June 27, 2022 |
Friday’s momentous Supreme Court decision overturning 50 years of Roe v. Wade as the law of the land drew a wild range of reactions over the weekend.
One of the most insightful, disguised as satire, was the Babylon Bee’s observation that “Dems pause January 6 hearings to call for insurrection.”
Calls for Left-wing violence began immediately after the 6-3 ruling threw out Roe on grounds that activist ideology on the 1973 Court had resulted in constitutional overreach. Friday’s ruling ignited reactions from prayerful celebrations to mob violence.
U.S. Representative Maxine Waters, standing outside the Supreme Court Building Friday, was among Congressional Democrats who denounced the decision.
Some in Congress called for the Justices to be impeached or for Joe Biden to pack the court as Franklin D. Roosevelt tried to do in the 1930s when his socialist New Deal programs kept getting struck down by courts at the height of the Depression.
Others, like Rep. Alexandria Ocasio-Cortez, urged people to take to the streets. Thousands of pro-abortionists filled the street in front of the Supreme Court chanting “F*** this court”.
At least two Supreme Court Justices were moved to safe locations after receiving multiple threats from Left-wing domestic terrorists.
In Arizona, pro-abortionists breached the state senate building in Phoenix Friday, interrupting a vote on school vouchers. Arizona State Troopers used tear gas to disperse the mob estimated at between 7,000-8,000 people.
In Portland, Oregon, Antifa activists started a fire outside a federal courthouse that remains behind a protective barrier more than two years after far-Left rioting damaged it following Floyd George’s death in Minneapolis.
Despite the rage, Friday’s Supreme Court ruling does not outlaw abortion. In overturning Roe, the Supreme Court returned the decision to state legislatures. Each state can decide as it sees best on the emotional issue.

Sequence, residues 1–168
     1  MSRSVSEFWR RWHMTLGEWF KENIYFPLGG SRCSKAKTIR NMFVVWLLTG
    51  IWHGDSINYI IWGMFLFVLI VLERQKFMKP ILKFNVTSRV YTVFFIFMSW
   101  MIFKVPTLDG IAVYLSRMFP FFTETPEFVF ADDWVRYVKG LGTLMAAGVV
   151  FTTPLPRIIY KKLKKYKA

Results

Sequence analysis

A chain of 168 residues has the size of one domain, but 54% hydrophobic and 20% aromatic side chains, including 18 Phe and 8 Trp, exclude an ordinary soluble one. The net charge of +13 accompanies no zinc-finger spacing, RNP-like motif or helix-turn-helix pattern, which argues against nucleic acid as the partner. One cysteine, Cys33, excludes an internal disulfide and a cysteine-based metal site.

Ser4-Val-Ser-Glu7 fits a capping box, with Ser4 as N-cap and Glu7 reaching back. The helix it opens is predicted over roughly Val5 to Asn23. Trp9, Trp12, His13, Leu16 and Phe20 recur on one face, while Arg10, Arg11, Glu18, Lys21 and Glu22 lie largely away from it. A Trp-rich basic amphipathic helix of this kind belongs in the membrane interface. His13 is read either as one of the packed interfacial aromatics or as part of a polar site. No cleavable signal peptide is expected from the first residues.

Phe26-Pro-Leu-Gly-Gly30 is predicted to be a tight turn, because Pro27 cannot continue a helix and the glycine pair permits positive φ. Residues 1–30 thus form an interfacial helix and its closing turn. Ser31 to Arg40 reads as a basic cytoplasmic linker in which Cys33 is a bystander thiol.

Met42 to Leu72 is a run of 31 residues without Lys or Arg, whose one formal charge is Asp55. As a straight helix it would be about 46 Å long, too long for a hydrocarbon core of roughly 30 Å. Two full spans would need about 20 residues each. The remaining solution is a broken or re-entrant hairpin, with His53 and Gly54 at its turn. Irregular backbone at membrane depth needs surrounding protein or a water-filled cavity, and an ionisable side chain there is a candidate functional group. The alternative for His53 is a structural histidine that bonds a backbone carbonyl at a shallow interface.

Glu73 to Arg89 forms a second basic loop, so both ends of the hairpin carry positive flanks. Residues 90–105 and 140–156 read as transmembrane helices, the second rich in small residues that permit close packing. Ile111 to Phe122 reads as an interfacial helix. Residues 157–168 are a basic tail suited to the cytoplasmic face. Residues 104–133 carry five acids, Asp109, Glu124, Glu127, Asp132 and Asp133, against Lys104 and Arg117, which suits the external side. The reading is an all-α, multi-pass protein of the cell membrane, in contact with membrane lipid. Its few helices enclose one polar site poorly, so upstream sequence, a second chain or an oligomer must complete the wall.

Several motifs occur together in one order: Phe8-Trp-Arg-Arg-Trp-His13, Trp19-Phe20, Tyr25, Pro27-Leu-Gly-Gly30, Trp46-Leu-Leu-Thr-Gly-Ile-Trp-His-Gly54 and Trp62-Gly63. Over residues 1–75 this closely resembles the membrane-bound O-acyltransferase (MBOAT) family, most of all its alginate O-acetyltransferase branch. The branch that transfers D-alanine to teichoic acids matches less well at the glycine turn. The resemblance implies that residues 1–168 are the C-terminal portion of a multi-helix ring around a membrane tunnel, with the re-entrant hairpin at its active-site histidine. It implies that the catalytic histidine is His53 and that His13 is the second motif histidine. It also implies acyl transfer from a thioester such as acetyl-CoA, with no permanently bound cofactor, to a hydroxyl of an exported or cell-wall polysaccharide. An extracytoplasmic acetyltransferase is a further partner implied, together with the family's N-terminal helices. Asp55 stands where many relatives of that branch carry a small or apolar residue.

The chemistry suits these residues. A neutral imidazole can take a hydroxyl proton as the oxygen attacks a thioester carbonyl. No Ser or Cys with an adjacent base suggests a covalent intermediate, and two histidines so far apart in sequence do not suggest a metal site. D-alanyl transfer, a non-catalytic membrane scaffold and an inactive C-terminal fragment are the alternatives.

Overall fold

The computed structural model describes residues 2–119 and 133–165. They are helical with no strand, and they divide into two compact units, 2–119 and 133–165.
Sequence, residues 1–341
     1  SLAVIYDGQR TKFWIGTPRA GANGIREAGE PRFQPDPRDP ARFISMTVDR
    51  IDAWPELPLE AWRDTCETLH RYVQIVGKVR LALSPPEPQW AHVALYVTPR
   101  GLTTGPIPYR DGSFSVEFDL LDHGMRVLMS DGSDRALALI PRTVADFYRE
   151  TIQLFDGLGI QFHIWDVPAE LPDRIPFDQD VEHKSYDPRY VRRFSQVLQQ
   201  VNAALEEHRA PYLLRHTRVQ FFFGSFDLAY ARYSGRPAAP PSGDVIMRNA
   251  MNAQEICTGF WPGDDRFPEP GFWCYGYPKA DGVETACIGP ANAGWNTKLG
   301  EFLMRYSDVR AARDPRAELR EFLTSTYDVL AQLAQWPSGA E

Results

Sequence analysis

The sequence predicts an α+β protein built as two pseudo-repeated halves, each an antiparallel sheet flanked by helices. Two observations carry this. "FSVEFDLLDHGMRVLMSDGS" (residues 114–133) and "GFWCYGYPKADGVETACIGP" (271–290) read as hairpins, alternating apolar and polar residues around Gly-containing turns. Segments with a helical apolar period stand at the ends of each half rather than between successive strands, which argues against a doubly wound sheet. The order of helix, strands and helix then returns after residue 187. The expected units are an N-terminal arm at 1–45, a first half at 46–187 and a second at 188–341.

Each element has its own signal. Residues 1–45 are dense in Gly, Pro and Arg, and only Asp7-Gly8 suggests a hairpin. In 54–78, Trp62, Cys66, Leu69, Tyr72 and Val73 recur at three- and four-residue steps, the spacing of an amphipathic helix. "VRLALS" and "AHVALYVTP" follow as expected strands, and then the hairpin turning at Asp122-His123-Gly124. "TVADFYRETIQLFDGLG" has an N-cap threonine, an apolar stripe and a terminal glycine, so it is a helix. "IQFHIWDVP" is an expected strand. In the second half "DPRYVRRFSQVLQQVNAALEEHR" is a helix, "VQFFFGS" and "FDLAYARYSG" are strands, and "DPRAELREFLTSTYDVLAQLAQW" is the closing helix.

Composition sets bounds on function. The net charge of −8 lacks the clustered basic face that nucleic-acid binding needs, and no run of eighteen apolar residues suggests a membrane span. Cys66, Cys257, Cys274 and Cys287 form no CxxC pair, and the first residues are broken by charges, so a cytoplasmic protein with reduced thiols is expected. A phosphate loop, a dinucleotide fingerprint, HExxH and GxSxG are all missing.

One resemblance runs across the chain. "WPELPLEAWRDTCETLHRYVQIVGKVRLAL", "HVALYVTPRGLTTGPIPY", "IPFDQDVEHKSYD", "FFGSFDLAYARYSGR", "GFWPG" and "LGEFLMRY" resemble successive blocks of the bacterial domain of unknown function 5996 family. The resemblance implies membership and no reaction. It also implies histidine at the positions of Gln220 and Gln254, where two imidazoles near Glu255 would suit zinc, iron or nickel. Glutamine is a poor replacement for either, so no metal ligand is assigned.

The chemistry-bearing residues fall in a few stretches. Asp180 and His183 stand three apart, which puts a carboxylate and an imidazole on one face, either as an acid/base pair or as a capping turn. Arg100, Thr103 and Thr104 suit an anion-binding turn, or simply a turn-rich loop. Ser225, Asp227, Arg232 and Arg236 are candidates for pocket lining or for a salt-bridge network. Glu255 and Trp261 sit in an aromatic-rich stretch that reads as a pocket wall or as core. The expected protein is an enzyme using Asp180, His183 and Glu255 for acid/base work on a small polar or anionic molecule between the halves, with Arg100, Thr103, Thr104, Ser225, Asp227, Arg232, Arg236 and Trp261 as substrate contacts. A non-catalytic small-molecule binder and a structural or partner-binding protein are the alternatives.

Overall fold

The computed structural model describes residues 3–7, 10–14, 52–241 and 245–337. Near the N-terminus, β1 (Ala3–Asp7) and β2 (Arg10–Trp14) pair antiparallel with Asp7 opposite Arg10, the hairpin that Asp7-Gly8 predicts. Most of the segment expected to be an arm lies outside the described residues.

At least 22 states, including Wyoming, are positioned to outlaw the procedure.
Others, including South Dakota, Louisiana and Kentucky, have “trigger” bans in place to outlaw abortion now that the High Court overturned Roe. Oklahoma approved a ban prior to the Court’s decision, which will continue without contest. In all, 36 states appear ready to outlaw abortion.
The Wyoming Legislature, anticipating Friday’s ruling, passed House Bill 92 this year, outlawing abortion “except when to preserve the woman from serious risk or death.”
In signing Enrolled Act No. 57, which is triggered by the Court’s decision, Governor Mark Gordon said he believes “the decision to regulate abortions should be left to the states.” The state attorney general has 30 days from Friday’s ruling to review the decision and report to the joint interim judiciary committee and the governor for his certification.
The nine members of the Democratic caucus in the legislature released a statement calling the ruling an “attack on our liberty.” They also speculated that the ruling will result in “further assaults” on the LGBTQ community.
U.S. Senator Cynthia Lummis applauded the ruling. “Abortion should have never been a federal issue to begin with, and I’m pleased the control over this issue returned to where it belongs – in the hands of duly-elected state legislatures,” said Senator Lummis. She added that she was glad to see that the leaked draft opinion and the resulting attempts to intimidate the justices overturning Roe failed.
Access to abortion is limited in Wyoming. There are no surgical abortion providers in the state. Only one clinic, in Jackson, provides medication-induced abortions, which has become more common over the past decade.
Legal experts say that states that outlaw abortions may face difficulties enforcing restrictions on abortions involving drugs because the series of pills needed may be available in other states or online. Some pro-abortionists intentionally confuse birth control pills with abortion medication in arguments about outlawing the latter. The two drugs are different. Birth control pills prevent pregnancies. Abortion pills end a pregnancy.